Isotope systematics of subfossil, historical, and modern Nautilus macromphalus from New Caledonia

Benjamin J. Linzmeier*, Andrew D. Jacobson, Bradley B. Sageman, Matthew T. Hurtgen, Meagan E. Ankney, Andrew L. Masterson, Neil H. Landman

*Corresponding author for this work

Research output: Contribution to journalArticlepeer-review


Cephalopod carbonate geochemistry underpins studies ranging from Phanerozoic, global-scale change to outcrop-scale paleoecological reconstructions. Interpreting these data hinges on assumed similarity to model organisms, such as Nautilus, and generalization from other molluscan biomineralization processes. Aquarium rearing and capture of wild Nautilus suggest shell carbonate precipitates quickly (35 μm/day) in oxygen isotope equilibrium with seawater. Other components of Nautilus shell chemistry are less well-studied but have potential to serve as proxies for paleobiology and paleoceanography. To calibrate the geochemical response of cephalopod δ15Norg, δ13Corg, δ13Ccarb, δ18Ocarb, and δ44/40Cacarb to modern anthropogenic environmental change, we analyzed modern, historical, and subfossil Nautilus macromphalus from New Caledonia. Samples span initial human habitation, colonialization, and industrial pCO2 increase. This sampling strategy is advantageous because it avoids the shock response that can affect geochemical change in aquarium experiments. Given the range of living depths and more complex ecology of Nautilus, however, some anthropogenic signals, such as ocean acidification, may not have propagated to their living depths. Our data suggest some environmental changes are more easily preserved than others given variability in cephalopod average living depth. Calculation of the percent respired carbon incorporated into the shell using δ13Corg, δ13Ccarb, and Suess-effect corrected δ13CDIC suggests an increase in the last 130 years that may have been caused by increasing carbon dioxide concentration or decreasing oxygen concentration at the depths these individuals inhabited. This pattern is consistent with increasing atmospheric CO2 and/ or eutrophication offshore of New Caledonia. We find that δ44/40Ca remains stable across the last 130 years. The subfossil shell from a cenote may exhibit early δ44/40Ca diagenesis. Questions remain about the proportion of dietary vs ambient seawater calcium incorporation into the Nautilus shell. Values of δ15N do not indicate trophic level change in the last 130 years, and the subfossil shell may show diagenetic alteration of δ15N toward lower values. Future work using historical collections of Sepia and Spirula may provide additional calibration of fossil cephalopod geochemistry.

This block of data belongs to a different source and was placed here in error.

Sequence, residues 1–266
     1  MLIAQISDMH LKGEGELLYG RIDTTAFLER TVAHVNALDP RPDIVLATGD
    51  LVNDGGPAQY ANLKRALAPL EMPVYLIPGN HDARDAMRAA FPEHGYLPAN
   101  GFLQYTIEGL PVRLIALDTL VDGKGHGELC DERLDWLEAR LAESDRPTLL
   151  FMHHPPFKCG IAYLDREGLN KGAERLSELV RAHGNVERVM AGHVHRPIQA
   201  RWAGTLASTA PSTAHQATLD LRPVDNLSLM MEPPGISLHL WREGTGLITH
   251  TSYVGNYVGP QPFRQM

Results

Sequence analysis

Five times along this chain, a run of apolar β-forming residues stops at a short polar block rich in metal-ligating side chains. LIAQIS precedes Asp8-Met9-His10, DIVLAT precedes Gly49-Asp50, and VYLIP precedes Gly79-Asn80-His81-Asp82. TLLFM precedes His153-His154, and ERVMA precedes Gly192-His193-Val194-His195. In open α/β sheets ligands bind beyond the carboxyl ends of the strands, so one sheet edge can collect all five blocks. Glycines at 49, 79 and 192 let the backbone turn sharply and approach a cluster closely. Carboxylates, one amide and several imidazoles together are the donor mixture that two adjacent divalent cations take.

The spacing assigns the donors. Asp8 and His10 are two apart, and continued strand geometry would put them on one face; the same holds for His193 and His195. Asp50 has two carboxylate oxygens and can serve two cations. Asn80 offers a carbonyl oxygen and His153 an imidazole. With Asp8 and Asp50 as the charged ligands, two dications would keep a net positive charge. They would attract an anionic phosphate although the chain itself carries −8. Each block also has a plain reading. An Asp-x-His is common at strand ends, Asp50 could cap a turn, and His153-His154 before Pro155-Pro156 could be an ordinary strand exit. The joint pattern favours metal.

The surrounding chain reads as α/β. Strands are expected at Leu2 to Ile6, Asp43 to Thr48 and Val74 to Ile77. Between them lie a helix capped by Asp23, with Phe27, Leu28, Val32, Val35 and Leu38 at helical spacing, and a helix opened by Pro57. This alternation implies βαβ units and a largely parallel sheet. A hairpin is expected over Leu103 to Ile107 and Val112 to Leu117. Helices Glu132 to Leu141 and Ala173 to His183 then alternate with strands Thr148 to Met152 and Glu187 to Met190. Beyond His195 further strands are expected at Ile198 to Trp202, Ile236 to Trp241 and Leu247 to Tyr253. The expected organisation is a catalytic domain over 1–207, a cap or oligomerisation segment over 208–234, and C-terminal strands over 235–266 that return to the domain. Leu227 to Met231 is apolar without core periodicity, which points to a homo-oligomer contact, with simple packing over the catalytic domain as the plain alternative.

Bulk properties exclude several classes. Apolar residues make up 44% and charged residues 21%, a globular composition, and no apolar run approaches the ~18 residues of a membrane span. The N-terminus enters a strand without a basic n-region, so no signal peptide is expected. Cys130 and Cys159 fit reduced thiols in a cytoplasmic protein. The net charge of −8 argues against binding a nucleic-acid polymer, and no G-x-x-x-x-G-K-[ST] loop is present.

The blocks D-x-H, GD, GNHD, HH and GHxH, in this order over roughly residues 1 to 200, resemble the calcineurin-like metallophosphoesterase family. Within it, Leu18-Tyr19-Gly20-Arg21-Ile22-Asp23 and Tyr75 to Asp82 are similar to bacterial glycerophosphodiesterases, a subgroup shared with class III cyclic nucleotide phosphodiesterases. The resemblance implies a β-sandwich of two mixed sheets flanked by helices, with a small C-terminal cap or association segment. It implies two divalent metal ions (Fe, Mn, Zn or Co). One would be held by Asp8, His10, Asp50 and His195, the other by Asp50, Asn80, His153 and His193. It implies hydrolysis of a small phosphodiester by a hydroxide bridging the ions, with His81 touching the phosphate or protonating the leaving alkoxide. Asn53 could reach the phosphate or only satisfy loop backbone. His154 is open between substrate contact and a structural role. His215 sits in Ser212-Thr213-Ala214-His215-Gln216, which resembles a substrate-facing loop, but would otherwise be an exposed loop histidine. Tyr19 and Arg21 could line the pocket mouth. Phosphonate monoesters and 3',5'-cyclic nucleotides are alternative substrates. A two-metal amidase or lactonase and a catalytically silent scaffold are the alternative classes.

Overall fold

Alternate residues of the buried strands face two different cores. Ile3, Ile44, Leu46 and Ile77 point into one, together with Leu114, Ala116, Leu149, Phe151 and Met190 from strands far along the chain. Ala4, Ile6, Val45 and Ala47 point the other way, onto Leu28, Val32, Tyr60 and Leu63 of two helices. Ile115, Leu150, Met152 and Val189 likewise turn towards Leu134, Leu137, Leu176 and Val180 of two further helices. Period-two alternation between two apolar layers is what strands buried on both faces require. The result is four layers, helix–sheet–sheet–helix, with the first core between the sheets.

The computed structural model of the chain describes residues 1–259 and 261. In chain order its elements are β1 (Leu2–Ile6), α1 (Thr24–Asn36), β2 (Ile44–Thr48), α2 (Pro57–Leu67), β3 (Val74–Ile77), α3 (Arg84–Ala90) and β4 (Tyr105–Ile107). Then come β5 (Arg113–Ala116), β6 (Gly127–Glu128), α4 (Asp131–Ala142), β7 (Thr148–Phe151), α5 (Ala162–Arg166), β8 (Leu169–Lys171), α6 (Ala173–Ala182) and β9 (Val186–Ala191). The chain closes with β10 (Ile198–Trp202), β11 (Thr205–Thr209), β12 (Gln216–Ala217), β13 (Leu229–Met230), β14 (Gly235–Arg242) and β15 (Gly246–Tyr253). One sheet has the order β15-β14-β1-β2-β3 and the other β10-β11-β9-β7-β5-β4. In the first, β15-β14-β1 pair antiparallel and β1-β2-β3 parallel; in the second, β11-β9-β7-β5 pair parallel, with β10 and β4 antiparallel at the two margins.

Original languageEnglish (US)
Article numbere0277666
JournalPloS one
Issue number12 December
StatePublished - Dec 2022

ASJC Scopus subject areas

  • General


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